Today is June 16, Bloomsday, the day in 1904 on which James Joyce’s novel Ulysses takes place. But this year also marks the 100th anniversary of its publication, and to celebrate the occasion, The American Scholar asked five writers for their thoughts on Joyce’s modern masterpiece. One of them, Flicka Small, wrote about the food in the novel, from the inner organs of beasts and fowls that Leopold Bloom eats with relish to the Gorgonzola on his sandwich—not to mention Molly Bloom’s sensuous seed cake, Blazes Boylans’s suggestive peaches, and everything that Stephen Dedalus can’t afford to eat. Flicka Small came to her lectureship at University College Cork by way of her earlier career as a chef, giving her a singular perspective on the wild array of foods that appear on that famous day in Dublin, Ireland.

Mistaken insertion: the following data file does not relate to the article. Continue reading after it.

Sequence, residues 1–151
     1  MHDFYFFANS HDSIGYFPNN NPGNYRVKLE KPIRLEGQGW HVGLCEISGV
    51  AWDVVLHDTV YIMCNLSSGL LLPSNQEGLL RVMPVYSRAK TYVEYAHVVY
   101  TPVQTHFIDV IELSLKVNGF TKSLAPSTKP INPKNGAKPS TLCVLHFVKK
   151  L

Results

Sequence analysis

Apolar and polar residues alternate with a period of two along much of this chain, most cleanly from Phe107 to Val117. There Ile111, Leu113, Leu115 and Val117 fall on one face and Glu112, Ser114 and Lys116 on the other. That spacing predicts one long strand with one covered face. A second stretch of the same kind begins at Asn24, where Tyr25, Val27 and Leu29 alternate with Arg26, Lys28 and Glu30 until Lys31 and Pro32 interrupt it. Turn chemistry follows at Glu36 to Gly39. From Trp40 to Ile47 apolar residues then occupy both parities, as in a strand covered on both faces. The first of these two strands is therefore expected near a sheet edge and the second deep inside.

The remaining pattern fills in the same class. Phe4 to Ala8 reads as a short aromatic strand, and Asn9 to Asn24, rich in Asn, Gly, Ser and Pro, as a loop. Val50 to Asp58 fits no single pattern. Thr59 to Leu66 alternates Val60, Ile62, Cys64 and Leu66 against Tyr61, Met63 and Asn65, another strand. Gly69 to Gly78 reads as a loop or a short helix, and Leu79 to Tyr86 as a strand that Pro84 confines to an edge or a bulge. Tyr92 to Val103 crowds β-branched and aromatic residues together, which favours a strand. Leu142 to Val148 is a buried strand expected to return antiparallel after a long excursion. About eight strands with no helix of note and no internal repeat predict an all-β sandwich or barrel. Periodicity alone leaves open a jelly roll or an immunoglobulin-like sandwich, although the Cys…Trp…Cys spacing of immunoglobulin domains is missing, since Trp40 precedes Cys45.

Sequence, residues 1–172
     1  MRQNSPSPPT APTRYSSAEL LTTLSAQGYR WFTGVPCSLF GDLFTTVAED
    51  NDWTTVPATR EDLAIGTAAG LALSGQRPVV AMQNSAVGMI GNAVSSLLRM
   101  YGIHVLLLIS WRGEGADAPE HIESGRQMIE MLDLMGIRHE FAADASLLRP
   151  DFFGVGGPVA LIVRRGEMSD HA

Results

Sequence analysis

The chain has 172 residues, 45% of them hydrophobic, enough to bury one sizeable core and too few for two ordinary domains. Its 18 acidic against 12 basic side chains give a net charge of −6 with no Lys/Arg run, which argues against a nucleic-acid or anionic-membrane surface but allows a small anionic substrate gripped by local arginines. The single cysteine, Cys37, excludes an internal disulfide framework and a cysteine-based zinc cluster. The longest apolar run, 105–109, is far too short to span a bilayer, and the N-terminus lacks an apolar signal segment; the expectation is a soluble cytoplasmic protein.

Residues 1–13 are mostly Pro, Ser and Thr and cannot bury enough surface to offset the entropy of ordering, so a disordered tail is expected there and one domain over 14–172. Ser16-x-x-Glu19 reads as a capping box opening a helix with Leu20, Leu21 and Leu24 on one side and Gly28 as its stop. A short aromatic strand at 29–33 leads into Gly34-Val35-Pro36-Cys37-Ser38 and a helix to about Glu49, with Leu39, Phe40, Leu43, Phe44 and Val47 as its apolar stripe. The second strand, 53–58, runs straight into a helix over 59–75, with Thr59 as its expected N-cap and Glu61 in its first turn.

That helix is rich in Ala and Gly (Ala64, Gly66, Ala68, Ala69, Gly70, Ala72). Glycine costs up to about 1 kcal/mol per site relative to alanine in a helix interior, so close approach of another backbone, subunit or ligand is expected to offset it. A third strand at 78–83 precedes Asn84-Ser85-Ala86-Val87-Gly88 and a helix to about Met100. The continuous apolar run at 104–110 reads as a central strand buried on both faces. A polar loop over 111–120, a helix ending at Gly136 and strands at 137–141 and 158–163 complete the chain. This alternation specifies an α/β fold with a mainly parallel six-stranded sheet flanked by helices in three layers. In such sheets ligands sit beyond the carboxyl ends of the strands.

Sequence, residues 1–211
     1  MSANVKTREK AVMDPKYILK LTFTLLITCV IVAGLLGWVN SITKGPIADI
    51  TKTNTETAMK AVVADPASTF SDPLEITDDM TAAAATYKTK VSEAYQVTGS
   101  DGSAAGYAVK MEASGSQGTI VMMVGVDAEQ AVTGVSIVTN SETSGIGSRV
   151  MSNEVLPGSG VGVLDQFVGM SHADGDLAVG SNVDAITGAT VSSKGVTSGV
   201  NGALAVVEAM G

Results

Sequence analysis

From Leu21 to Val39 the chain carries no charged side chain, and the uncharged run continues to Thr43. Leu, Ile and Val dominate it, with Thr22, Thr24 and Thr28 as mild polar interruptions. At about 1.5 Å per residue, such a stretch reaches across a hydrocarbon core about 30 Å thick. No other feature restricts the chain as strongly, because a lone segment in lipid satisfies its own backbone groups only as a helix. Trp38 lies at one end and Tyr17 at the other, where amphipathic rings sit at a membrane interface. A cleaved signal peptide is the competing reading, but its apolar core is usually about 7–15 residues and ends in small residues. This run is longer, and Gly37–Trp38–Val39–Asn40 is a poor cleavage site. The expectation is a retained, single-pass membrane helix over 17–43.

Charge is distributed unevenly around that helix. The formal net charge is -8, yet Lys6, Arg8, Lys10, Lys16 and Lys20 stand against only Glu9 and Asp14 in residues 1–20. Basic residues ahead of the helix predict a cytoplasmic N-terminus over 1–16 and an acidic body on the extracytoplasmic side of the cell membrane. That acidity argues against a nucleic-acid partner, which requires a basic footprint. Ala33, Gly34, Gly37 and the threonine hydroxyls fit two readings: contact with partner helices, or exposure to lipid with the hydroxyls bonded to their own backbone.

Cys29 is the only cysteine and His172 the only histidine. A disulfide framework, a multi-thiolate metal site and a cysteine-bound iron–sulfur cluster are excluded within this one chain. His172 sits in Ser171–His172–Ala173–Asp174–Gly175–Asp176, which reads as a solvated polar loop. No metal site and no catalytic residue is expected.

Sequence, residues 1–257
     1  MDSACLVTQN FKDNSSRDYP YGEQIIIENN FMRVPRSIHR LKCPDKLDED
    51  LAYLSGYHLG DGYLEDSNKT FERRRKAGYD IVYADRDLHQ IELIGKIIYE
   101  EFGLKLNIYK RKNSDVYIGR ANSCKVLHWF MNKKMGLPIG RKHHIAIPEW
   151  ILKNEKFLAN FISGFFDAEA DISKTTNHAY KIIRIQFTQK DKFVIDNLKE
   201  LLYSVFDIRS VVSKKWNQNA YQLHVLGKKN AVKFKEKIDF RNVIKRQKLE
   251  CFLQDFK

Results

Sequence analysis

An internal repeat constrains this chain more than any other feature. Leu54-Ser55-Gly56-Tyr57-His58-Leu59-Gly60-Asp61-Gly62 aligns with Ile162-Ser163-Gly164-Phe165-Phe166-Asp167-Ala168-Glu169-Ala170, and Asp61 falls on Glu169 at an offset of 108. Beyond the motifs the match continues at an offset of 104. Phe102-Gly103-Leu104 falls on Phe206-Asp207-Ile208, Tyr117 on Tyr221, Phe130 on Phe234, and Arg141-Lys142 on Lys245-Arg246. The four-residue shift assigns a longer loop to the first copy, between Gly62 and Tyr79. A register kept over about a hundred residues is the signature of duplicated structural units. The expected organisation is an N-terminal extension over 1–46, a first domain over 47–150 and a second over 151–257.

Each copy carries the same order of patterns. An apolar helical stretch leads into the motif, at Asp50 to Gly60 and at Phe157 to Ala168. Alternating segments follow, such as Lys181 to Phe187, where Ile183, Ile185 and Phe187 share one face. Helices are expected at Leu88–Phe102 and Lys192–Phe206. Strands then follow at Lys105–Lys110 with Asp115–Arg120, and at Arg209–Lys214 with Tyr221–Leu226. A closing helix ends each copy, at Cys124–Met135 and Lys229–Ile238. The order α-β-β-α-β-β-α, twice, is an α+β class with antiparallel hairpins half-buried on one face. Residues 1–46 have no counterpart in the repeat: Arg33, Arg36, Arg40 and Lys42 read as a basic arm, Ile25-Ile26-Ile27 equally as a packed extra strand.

Go beyond the episode:
- Read Flicka Small’s contribution to our Joyce centennial, “Know Me Come Eat With Me”
- Read the other four essays: Robert J. Seidman on why Ulysses is as vital as ever; Keri Walsh’s celebration of the novel’s first publisher, Sylvia Beach; Donal Ryan on the three times he’s read it; and Amit Chaudhuri on just having fun with the flow
- Bloomsday 2022 is on in Ireland and around the world
- Whip up some pan-fried kidneys, a Gorgonzola sandwich, or some sugarsticky sweets
- We borrowed the title of this episode from Alison Armstrong’s excellent 1986 cookbook, The Joyce of Cooking, which you can find in used bookstores
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